Special Operations Faces Soaring Demands, Commander Says


By Karen Parrish

Demand in Afghanistan for special operations forces is “insatiable,” even as U.S. Special Operations Command increases its troop strength by a battalion a year, Socom’s commander said today.

Speaking at the National Defense Industrial Association’s 22nd Annual Special Operations and Low-intensity Conflict Symposium, Navy Adm. Eric T. Olson discussed the effect nearly a decade of war has had on the Defense Department’s most elite warriors.

“As we have essentially doubled our force over the last nine years [and] tripled our budget over the last nine years, we have quadrupled our overseas deployments over the last nine years,” Olson said.

“We are doing more with more, but the more we’re doing it with doesn’t match the more we’ve been asked to do,” he said. “We are, frankly, beginning to show some fraying around the edges.”

As Olson’s 2010 Socom posture statement sets out, the command’s mission covers combat, training and equipping indigenous forces, as well as synchronizing planning of global operations against terrorist networks.

The posture statement reads in part, “Special operations forces respond to the sound of guns with a combination of speed, discipline, and tenacity. They also apply their knowledge and experience well ahead of the sound of the guns to prevent violence from erupting whenever and wherever possible. These are warriors who can act swiftly with precision and lethality, yet remain simultaneously capable of building long-term relationships and trust with international partners.”

Olson, a former Navy SEAL who has commanded Socom since 2007, said he doesn’t pretend the demand for special operations forces will decrease over the next few years.

“We saw 100,000 American troops come out of Iraq; we only saw about 500 special operations [members] as part of that,” he noted.

Special operations recruiting and training have ramped up since 2006, when that year’s Quadrennial Defense Review directed increasing special operations forces by 15 percent and increase the number of Special Forces battalions by one-third.

The QDR also directed Socom to establish a Marine Corps Special Operations Command, while instructing the Air Force to create an unmanned aerial vehicle squadron under Socom. The Navy was instructed to increase SEAL team manning and develop a riverine warfare capability.

Finally, the QDR called for a 33 percent increase in psychological operations — since renamed military information support operations — and civil affairs units, and directed Army and Marine Corps ground forces to increase their capabilities and capacity to conduct irregular warfare missions.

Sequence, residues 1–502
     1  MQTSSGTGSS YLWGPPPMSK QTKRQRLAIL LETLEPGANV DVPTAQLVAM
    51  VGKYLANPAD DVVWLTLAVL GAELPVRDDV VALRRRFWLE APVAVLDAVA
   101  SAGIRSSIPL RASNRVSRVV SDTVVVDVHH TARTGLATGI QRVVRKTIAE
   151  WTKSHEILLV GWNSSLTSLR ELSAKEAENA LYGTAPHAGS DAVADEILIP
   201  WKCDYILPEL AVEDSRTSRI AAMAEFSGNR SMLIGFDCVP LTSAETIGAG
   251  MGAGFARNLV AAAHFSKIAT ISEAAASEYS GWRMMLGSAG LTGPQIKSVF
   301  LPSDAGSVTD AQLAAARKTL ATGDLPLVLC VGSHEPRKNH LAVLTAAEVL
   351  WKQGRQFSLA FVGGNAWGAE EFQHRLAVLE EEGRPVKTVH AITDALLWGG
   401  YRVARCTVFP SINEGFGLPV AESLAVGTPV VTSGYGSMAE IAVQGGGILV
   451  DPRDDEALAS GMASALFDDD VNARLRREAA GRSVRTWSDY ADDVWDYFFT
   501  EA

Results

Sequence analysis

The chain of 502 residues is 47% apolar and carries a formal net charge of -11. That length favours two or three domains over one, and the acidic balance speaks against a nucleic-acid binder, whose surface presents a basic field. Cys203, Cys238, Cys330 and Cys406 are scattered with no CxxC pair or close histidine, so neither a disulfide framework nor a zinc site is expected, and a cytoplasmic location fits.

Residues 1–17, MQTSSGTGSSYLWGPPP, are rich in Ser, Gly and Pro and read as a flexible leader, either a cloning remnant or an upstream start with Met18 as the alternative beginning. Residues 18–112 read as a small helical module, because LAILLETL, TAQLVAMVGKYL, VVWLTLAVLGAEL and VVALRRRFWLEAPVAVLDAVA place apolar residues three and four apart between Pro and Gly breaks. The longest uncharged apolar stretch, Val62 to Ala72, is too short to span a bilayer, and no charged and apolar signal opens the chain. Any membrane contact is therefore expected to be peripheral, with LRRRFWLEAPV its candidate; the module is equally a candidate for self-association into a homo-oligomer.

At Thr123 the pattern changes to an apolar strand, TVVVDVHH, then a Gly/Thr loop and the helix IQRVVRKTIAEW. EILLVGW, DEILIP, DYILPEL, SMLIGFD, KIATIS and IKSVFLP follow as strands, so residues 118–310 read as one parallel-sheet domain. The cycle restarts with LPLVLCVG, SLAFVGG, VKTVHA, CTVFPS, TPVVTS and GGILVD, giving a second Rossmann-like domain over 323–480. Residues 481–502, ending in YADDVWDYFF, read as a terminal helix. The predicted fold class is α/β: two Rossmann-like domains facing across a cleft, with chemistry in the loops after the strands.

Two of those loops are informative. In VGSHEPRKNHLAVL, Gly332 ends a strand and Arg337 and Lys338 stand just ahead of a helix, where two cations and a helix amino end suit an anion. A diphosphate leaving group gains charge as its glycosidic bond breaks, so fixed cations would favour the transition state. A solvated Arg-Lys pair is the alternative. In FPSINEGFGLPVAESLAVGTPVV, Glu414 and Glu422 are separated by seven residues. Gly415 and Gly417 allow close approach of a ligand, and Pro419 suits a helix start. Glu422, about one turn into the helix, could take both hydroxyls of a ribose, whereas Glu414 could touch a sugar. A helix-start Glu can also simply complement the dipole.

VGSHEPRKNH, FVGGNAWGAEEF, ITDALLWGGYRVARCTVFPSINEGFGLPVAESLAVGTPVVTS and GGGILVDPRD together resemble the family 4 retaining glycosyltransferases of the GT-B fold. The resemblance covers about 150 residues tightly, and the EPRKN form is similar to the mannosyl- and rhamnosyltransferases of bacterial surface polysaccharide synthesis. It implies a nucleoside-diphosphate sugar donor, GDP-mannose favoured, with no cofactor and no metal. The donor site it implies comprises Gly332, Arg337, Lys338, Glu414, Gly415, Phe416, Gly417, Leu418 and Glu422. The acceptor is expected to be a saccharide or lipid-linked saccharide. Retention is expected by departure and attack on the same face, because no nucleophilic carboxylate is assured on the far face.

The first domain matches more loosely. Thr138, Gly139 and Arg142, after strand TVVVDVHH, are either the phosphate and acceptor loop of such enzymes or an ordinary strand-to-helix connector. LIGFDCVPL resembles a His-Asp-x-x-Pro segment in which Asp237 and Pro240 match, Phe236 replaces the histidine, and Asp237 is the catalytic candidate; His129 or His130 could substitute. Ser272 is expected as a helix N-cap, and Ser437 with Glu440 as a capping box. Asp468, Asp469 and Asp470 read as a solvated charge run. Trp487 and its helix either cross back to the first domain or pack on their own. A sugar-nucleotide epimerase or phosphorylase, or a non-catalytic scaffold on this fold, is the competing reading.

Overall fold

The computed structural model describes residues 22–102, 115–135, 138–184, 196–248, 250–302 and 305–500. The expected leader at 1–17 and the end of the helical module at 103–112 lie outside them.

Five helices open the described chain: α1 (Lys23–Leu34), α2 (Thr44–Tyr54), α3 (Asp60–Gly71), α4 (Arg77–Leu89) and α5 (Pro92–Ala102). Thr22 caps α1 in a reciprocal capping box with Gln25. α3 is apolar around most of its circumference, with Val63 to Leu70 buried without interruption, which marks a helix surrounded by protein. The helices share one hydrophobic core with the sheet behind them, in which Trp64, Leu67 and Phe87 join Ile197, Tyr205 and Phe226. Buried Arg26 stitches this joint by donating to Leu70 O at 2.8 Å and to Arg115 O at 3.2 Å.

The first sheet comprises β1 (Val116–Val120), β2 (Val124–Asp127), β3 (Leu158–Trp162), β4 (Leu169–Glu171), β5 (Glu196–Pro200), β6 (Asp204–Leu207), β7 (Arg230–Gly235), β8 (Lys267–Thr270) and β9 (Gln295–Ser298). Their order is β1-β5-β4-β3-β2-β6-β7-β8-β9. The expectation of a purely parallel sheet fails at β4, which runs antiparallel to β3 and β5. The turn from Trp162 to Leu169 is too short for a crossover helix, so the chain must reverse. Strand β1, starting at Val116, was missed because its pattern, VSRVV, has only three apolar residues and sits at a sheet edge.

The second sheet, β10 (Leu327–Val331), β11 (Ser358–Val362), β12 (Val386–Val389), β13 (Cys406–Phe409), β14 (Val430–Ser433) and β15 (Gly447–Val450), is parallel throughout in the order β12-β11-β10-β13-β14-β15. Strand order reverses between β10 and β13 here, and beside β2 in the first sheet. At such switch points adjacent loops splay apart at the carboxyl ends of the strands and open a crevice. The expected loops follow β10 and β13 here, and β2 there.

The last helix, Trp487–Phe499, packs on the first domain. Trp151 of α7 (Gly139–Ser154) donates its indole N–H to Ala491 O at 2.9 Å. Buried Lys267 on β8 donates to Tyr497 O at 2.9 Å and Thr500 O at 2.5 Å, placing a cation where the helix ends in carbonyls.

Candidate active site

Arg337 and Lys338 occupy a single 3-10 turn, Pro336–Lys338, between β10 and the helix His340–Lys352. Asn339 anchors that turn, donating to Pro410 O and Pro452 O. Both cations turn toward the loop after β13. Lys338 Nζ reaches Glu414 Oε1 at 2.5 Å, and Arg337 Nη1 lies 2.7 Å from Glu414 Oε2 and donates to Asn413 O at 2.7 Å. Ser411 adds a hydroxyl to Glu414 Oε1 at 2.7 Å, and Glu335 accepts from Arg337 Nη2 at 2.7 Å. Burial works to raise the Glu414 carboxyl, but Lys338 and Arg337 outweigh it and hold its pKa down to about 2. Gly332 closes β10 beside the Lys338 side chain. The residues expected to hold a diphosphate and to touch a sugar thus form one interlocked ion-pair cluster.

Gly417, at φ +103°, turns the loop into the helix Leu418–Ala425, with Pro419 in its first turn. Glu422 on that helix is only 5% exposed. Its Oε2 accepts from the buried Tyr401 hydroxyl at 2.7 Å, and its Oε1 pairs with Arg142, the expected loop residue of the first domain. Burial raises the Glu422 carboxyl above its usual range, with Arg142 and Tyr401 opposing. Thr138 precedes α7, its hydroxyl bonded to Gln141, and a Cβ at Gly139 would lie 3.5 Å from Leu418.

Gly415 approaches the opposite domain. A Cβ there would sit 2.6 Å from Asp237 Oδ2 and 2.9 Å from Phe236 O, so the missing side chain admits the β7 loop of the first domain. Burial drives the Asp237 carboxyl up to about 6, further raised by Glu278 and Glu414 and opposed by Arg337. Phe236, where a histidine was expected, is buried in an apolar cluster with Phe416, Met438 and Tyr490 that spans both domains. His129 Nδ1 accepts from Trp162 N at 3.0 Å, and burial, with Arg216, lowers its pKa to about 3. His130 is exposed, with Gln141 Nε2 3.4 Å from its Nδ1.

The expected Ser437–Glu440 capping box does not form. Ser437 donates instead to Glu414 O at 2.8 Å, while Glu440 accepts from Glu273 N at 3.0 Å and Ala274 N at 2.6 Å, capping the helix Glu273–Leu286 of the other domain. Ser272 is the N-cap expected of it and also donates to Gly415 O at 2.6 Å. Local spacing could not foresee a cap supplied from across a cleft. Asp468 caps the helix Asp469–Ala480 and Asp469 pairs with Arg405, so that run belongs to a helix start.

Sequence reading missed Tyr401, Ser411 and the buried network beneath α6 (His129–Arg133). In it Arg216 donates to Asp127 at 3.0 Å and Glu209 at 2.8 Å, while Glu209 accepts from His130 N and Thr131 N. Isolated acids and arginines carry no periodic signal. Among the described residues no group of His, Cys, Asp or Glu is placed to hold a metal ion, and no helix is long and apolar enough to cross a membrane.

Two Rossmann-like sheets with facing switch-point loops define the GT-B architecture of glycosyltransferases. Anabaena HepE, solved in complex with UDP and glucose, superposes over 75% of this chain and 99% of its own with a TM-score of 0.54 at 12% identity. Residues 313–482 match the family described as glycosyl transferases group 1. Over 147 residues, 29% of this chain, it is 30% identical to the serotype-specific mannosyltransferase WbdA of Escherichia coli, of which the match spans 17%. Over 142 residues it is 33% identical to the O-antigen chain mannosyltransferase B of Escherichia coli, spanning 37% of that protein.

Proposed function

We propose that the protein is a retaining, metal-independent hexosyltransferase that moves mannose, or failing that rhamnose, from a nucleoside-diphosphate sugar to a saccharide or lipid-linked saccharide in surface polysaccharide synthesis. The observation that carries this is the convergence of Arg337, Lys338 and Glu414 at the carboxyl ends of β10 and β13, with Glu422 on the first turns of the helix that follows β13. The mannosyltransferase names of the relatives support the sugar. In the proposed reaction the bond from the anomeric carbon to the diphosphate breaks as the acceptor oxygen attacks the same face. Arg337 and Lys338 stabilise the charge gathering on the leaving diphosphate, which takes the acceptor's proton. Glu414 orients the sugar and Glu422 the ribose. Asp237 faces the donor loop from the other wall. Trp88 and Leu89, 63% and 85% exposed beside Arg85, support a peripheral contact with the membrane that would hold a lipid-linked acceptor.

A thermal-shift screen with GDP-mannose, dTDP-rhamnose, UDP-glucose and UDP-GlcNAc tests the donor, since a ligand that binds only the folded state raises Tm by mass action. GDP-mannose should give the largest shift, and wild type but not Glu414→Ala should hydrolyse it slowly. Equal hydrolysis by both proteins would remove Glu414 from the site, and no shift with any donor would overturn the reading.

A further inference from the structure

Olson said that while Socom has worked to “grow the force” quickly, demand has grown faster.

“We grew a battalion in the 5th Special Forces Group in 2008, and it’s deployed. We grew a battalion in 3rd Special Forces Group in 2009, and it’s deployed,” he said. “We grew a battalion in the 10th Special Forces Group, and it is preparing to deploy. Over the next two years, we’ll grow battalions in 1st Group and 7th Group.

“We’ve been able to deploy 36 additional [operational detachments A, or “A-teams”],” he continued. “And frankly, if you’re on a 1-to-1 deployment ratio, which is the very most that you can sustain … as you grow 36 ODAs, you should deploy no more than 18. But the demand has gone up close to 50 in that time.”

The special operations deployment ratio is off the charts, Olson said.

“The force has proven far more resilient than we predicted, [and] the families have proven far more resilient than we predicted,” he said. “But like the rest of the force – not on the same scale, but like the rest of the force – we’re seeing the indicators of pressure.”

That pressure affects special operations troops on and off duty, Olson said, as well as their families.

“When I say we’re taking measures to address it, we realize that there is no single solution to this,” the admiral said. “It’s a thousand different approaches that will ultimately relieve some of this pressure on the force: being more predictable in what it is we do, being more committed to the schedules that we present our people, presenting them with far fewer surprises over time, providing them additional training – as I said, particularly the families, so that they understand what resources are available to them.”

Olson said the command has enhanced its Special Operations Care Coalition, which is a U.S. government organization funded and run by Special Operations Command to advocate for wounded, ill and injured special operations troops.

When he says the force is fraying, Olson explained, he means more mid-career special operations troops are choosing to leave service.

“Over half of our force now, about 60 percent, actually came in since 9/11. This is all they know, in their military service,” the admiral said. “They were inspired by the events of 9/11, they’ve served their country, and now, eight or 10 years later, they are satisfied with what they did and feel like they were part of something important. But what seems good for eight or 10 years maybe doesn’t seem as good looking ahead to 18 or 20 years.”

But the force still is strong and capable, Olson said.

“They make me proud every day,” he told the group. “The challenge now is to make sure that we still have, in five or 10 or 20 or 30 years, what we’ve become accustomed to now in terms of quality and sufficiency.”

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